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Obama the Enabler
Illinois Anti-Warriors and the Attractive Senator
By CARL G. ESTABROOK
"...Yes, this protest march was like many we've seen over the years. First came the traditional running of the liberals [shot of what is probably the lead marchers running down the street], followed by the ritual display of somewhat eccentric signage like this one: CENTRAL ILLINOIS SAYS NO TO WAR -- reflecting the political wisdom that as goes Effingham, so go Altamont and Beecher City..."
--Jon Stewart, The Daily Show, September 27, 2005
Actually, Stewart's got it quite wrong: the sign was from Urbana, not Effingham, which is some eighty miles south of Urbana along Illinois' Interstate 57... LeMonde captured Urbana's presence in the September 24 Washington peace demonstration somewhat more accurately: in an editorial, LeMonde wrote,
"Cody Bralts is only 13 years old. He came from Urbana (Illinois) with his mother. He has been a militant for two years in pacifist groups, and he is 'against everything that this government does.'"
Both the makers of the sign and young Mr. Bralts were associated with a local peace group, of which I am also a member, AWARE -- "Anti-War, Anti-Racism Effort." The group was formed in Champaign-Urbana shortly after 9/11. Home of the main campus of the University of Illinois (with about 40,000 students during term-time), Champaign (pop. 68,000) and Urbana (pop. 38,000) form one population center amidst the corn, soybeans and major agribusiness interests (such as Archer Daniels Midland) of central Illinois. AWARE has contained students and faculty, but most of its members are permanent residents of the two towns.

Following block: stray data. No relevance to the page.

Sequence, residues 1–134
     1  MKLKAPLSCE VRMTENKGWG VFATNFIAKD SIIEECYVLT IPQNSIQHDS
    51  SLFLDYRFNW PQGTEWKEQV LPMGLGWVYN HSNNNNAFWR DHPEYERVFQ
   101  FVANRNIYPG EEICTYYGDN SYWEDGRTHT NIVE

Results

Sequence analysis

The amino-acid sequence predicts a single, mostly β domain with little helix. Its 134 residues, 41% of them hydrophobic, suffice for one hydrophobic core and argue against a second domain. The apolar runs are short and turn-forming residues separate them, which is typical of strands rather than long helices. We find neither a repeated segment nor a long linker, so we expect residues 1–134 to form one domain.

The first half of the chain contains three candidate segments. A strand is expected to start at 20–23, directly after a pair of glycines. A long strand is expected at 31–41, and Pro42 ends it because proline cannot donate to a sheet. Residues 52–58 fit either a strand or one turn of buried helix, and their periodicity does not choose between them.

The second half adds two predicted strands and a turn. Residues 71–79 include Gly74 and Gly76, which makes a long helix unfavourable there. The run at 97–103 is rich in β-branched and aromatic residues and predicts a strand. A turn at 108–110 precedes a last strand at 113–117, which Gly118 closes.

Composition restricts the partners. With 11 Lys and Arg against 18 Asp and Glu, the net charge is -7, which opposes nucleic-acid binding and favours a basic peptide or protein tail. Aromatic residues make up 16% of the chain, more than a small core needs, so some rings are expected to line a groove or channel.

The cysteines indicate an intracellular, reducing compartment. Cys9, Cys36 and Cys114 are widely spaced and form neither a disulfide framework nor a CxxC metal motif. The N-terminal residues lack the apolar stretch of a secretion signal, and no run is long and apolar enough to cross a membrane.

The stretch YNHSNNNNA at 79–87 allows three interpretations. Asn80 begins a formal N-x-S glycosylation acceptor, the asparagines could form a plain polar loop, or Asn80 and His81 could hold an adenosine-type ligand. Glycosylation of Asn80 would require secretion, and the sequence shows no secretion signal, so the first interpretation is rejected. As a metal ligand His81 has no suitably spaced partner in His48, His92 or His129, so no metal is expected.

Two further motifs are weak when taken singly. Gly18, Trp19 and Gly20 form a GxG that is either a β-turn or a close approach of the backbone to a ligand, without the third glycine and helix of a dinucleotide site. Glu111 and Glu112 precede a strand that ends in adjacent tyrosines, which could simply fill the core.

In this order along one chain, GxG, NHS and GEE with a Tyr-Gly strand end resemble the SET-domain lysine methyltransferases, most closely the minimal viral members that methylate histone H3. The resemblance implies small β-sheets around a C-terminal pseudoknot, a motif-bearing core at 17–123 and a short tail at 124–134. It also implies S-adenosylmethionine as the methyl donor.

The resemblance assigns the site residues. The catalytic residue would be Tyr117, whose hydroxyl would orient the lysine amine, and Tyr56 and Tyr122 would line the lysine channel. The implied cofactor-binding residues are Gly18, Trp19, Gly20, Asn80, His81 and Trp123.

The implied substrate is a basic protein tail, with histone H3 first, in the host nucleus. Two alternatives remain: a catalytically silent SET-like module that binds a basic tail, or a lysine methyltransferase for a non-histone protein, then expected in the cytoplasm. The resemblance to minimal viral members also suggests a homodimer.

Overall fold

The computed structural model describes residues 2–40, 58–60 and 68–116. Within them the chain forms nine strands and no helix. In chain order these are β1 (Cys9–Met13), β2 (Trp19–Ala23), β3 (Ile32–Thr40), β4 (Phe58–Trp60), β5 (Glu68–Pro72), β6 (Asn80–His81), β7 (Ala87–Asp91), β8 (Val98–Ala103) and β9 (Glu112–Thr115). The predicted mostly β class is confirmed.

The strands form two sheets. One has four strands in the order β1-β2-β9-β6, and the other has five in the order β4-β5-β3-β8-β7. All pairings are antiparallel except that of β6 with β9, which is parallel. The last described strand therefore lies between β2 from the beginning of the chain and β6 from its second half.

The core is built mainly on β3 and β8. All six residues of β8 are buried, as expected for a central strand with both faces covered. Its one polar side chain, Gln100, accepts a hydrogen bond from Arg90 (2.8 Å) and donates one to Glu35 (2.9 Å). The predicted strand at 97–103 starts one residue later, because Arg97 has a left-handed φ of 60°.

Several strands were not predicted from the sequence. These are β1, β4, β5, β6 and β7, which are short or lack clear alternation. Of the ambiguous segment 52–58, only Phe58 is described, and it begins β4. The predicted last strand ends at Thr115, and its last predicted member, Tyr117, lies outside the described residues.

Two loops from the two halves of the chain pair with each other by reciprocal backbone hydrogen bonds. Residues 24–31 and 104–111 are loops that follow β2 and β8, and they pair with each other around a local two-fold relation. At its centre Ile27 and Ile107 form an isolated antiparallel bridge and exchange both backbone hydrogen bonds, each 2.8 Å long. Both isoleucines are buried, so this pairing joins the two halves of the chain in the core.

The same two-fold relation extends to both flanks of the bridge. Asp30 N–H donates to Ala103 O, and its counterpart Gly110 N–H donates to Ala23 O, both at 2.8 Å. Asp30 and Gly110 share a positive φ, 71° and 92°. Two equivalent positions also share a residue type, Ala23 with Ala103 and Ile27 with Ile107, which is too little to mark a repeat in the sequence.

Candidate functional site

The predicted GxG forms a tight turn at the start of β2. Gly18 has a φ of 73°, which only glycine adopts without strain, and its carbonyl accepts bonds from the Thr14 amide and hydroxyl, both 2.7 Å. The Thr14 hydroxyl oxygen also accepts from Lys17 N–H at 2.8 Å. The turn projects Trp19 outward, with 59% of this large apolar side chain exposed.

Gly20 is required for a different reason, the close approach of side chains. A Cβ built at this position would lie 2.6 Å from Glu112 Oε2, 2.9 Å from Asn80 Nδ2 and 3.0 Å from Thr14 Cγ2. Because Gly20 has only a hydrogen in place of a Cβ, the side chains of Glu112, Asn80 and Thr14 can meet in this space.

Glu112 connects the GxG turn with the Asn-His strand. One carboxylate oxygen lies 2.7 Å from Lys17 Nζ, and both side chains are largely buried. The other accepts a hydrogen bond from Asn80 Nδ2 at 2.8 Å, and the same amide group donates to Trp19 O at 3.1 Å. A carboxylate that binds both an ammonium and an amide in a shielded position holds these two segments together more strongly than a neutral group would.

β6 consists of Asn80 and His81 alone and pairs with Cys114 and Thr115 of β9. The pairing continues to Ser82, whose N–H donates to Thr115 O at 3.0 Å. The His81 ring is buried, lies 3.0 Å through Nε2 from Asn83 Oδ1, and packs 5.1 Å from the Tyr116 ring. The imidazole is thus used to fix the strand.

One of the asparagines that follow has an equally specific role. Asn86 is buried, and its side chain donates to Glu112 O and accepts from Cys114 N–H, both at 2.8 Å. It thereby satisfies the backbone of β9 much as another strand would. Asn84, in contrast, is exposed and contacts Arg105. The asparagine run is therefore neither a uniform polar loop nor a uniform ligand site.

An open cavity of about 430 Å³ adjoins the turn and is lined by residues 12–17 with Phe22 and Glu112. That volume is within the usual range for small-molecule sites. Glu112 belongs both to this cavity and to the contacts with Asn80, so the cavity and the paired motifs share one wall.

With a fluid membership and a minimum of formal organization, AWARE has organized anti-war activities, including forums and demonstrations, for almost four years. But an August visit by Illinois' new junior senator, Barack Obama, produced a rift in the organization that reveals among other things the danger of co-option of the anti-war movement by soi-disant progressives like Obama.
Senator Obama's "town meeting" (a well-controlled PR exercise) was an apparent triumph. An editor of the right-wing local newspaper, The Champaign-Urbana News-Gazette, wrote, "It was a virtual love-in Thursday at the Illinois Terminal in Champaign when Democratic U.S. Sen. Barack Obama stopped by to answer questions at a town meeting. Even the anti-war protestors, who criticized Obama for not arranging the withdrawal of American troops from Iraq after a mere eight months in office, were deferential."
The student newspaper, The Daily Illini, described AWARE's activities: "Anti-war protesters met Obama in the Illinois Terminal parking lot with posters critical of the senator's reluctance to endorse an immediate pullout. After a short exchange of words with Obama, the protesters followed him all the way to the fourth floor ballroom of the terminal. As Obama delivered his opening statement from the podium, a member of the Anti-War/Anti-Racism Effort walked the aisles passing out the group's literature. Obama attempted to align himself with the protesters' sentiments while defending his cautiousness toward a pullout."